Class, gender, race: a progressive glossary of thoughts

by Marie Yan

The FRATZ 2020 symposium chose as its directing themes class. gender. race. asking, how do we represent class, race, gender for the very young? At this moment of wished-for social transformations while dialogues intensify and although inequalities keep growing?

As we were reviewing some of the articles you can find in our FRATZ Reflections 2019, we thought it could be useful to stop on some of the terms we use and make them more visible, defining the cosmos we move in, to find a common ground before the 2020 Symposium took place.

You find below a progressive glossary of thoughts and intersections relating to the symposium. Some explanations of why we use certain terms, trying to tie together theory and practice in the context of performing arts for the very young.

It progesses as we do and we invite you to interact with it by sending your own thoughts to:



A concept encapsulated by “Black lesbian feminist socialist mother warrior poet” Audre Lorde's quote: “There is no such thing as a single-issue struggle, because we do not live single-issue lives.1” Intersectionality is the understanding that multiple layers, axes, form one's identity, that therefore one's reality is multiple. A person can be a child or an adult, can be racialised – Black, Indigenous, Person of Colour (abbreviated as BIPoC2) – or white, can be disable or able, can belong to or identify with a certain religion, class, gender, sexual orientation etc. and these all determine differently and together a person's experience and particularly their specific position of privilege or oppression. Intersectionality is therefore the reason why the FRATZ 2020 symposium focuses on three categories at once and for a start!


Representation of class and children

In Returning to Reims, by Didier Eribon, the author describes an episode where, growing up in a working-class family, aged four or five, he witnessed his father smash bottles against a wall, caught in a fit of anger. He writes: “it established in me a disgust at this impoverishment, a refusal to accept the fate that had been meted out to me, and a secret feeling of woundedness, a wound that is still painful, related to having always to bear the burden of this memory.” He calls this episode “a social mirror stage”, one that was “an interpellation involving the discovery of a class-based sociological situation, one that assigns to you a place and a identit; it teaches you to recognize who you are and who you will be by means of an image someone else presents — someone else whom you are meant to become.” And he concludes: “as the child of a worker you experience in your very flesh the sense of belonging to the working class.”3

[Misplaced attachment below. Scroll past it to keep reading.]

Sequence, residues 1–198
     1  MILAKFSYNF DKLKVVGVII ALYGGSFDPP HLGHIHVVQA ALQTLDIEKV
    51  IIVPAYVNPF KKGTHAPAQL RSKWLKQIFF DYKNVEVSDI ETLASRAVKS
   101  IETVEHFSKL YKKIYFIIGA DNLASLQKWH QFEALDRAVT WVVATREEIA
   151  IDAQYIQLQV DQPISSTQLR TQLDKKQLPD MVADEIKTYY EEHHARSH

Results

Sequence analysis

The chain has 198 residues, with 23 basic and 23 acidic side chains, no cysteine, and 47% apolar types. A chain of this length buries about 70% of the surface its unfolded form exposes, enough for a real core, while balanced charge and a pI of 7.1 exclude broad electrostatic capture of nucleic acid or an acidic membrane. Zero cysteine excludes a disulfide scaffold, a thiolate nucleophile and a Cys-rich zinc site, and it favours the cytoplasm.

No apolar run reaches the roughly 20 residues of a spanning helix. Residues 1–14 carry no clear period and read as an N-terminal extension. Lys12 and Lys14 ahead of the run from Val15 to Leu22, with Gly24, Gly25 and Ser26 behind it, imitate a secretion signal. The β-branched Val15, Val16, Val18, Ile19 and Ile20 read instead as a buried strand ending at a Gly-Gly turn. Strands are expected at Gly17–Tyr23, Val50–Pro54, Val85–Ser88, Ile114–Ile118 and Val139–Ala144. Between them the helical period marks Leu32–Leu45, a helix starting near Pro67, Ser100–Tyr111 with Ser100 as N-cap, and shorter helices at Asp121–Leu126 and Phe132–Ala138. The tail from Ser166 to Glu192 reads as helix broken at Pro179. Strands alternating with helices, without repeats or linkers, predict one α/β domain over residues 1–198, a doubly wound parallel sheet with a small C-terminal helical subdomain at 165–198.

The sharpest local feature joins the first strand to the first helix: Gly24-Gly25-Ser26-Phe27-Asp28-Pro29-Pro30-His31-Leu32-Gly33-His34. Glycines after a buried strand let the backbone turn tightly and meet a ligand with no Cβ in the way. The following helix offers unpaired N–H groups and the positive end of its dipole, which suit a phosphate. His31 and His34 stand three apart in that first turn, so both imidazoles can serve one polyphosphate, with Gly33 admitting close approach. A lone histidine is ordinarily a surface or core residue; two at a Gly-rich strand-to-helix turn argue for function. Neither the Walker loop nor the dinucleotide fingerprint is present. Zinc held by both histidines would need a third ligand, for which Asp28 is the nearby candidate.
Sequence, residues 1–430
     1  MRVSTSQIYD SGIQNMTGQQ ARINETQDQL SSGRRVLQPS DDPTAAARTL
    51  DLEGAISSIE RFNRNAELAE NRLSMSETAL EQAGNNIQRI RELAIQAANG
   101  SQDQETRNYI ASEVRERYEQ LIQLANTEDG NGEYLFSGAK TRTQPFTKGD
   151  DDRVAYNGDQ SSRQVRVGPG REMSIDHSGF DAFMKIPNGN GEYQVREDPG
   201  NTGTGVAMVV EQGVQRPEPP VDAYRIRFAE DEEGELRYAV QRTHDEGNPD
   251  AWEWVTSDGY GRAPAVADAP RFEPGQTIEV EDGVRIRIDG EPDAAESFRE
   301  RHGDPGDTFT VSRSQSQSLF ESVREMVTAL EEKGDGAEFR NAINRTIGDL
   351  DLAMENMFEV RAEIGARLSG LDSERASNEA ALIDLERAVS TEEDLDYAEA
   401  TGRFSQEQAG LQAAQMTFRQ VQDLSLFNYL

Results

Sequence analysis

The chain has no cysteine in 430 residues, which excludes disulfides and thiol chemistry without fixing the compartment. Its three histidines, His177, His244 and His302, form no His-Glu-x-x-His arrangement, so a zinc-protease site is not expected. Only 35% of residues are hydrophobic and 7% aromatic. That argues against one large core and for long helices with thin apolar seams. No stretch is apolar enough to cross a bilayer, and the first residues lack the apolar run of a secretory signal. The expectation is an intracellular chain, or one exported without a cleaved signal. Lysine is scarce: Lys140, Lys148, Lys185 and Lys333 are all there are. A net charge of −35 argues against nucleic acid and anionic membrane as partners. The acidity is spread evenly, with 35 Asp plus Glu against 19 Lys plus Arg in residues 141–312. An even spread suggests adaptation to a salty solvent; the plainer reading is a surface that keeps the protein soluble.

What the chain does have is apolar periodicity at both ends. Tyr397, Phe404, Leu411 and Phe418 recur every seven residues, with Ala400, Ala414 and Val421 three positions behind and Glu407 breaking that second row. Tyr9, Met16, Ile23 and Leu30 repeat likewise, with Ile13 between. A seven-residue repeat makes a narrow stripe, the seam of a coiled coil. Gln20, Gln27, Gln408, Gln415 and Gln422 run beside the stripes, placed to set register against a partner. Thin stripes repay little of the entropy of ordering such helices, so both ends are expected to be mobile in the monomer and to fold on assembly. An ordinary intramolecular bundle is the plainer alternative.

What if theatre, watched at four or five years old, could leave an impression on a child that soothes an already present consciousness of belonging to a class? What if it could offer alternative narratives, or a short respite to the everyday, that could help a child's construction of their own identity, not as one to be fled from, but one that can transform?

Didier Eribon argues that, as opposed to the oppressed, “the absence of the feeling of belonging to a class is characteristic of children of the bourgeoisie. People in a dominant class position do not notice that they are positioned, situated, within a specific world (...)”. Could then performing arts open the perception of class privilege for children?

Throughout its history, Theater o.N, has believed that the space audience and artists share during a performance, is one where they can briefly invent themselves together. Which is why it has strived to bring theatre to areas of Berlin with a lesser access to performing arts and to make theatre with children from diverse backgrounds. You cannot represent who you have not met. The moment of the symposium is one of reflection on a theme that has been running through o.N.'s work, as an update on the idea of the working-class and its present possible representations.